Sanskrit is one of the 22 languages listed in the Eighth Schedule of the Constitution of India. It continues to be used as a ceremonial and ritual language in Hinduism and some Buddhist practices such as hymns and chants; the Sanskrit verbal adjective sáṃskṛta- is a compound word consisting of sam and krta-. It connotes a work, "well prepared and perfect, sacred". According to Biderman, the perfection contextually being referred to in the etymological origins of the word is its tonal qualities, rather than semantic. Sound and oral transmission were valued quality in ancient India, its sages refined the alphabet, the structure of words and its exacting grammar into a "collection of sounds, a kind of sublime musical mold", states Biderman, as an integral language they called Sanskrit. From late Vedic period onwards, state Annette Wilke and Oliver Moebus, resonating sound and its musical foundations attracted an "exceptionally large amount of linguistic and religious literature" in India; the sound was visualized as "pervading all creation", another representation of the world itself, the "mysterious magnum" of the Hindu thought.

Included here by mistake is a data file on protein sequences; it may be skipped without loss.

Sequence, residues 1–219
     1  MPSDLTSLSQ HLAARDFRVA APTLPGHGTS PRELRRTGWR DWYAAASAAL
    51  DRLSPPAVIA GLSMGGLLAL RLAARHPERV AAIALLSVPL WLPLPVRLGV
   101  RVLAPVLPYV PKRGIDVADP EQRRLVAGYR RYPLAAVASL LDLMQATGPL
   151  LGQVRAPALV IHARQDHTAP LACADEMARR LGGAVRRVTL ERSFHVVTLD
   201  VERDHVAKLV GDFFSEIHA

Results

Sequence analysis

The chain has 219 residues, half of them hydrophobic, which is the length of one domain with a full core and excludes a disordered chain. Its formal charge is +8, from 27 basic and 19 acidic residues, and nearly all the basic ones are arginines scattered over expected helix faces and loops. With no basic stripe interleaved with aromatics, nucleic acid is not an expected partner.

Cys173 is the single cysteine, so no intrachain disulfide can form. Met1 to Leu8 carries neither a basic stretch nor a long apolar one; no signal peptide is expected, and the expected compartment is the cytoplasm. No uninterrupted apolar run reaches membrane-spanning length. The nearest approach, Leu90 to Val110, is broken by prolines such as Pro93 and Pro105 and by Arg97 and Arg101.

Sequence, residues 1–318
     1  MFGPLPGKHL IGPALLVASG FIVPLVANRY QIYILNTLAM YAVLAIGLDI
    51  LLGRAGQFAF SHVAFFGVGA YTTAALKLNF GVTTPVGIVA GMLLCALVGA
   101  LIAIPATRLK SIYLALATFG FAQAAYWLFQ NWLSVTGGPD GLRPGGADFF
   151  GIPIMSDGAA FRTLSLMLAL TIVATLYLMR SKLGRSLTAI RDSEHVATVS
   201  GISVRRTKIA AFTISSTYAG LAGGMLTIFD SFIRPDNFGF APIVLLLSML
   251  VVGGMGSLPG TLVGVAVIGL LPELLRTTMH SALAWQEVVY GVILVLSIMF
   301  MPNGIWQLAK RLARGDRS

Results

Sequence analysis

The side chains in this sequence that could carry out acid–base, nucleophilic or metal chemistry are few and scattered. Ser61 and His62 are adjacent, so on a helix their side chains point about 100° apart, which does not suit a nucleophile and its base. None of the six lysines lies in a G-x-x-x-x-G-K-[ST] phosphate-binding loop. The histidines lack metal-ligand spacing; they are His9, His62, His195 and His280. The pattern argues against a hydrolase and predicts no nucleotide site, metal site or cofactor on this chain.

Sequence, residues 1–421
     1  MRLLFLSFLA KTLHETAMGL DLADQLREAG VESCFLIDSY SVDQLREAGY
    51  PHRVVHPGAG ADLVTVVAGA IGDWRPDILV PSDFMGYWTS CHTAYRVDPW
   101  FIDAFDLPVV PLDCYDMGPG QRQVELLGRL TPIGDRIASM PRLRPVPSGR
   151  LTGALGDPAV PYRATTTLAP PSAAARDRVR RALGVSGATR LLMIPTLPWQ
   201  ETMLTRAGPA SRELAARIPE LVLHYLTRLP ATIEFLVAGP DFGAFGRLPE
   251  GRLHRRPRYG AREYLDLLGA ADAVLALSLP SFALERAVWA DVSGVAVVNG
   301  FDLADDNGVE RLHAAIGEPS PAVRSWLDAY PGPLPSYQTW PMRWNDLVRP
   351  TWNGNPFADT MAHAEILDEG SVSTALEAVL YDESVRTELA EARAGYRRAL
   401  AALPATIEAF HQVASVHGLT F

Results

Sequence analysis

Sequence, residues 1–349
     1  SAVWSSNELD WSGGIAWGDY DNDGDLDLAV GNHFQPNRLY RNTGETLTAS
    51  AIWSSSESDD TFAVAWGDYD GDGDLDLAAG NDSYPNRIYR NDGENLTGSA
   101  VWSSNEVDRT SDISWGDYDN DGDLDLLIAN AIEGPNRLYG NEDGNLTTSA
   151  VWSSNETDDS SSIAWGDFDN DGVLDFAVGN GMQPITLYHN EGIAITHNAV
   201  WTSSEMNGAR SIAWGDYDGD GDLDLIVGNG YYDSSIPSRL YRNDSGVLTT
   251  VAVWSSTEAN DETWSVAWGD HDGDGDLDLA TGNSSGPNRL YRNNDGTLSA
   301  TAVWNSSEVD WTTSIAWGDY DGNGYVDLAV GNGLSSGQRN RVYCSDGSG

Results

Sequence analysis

The search for perfection in thought and of salvation was one of the dimensions of sacred sound, the common thread to weave all ideas and inspirations became the quest for what the ancient Indians believed to be a perfect language, the "phonocentric episteme" of Sanskrit. Sanskrit as a language competed with numerous less exact vernacular Indian languages called Prakritic languages; the term prakrta means "original, normal, artless", states Franklin Southworth. The relationship between Prakrit and Sanskrit is found in the Indian texts dated to the 1st millennium CE. Patanjali acknowledged that Prakrit is the first language, one instinctively adopted by every child with all its imperfections and leads to the problems of interpretation and misunderstanding; the purifying structure of the Sanskrit language removes these imperfections. The early Sanskrit grammarian Dandin states, for example, that much in the Prakrit languages is etymologically rooted in Sanskrit but involve "loss of sounds" and corruptions that result from a "disregard of the grammar".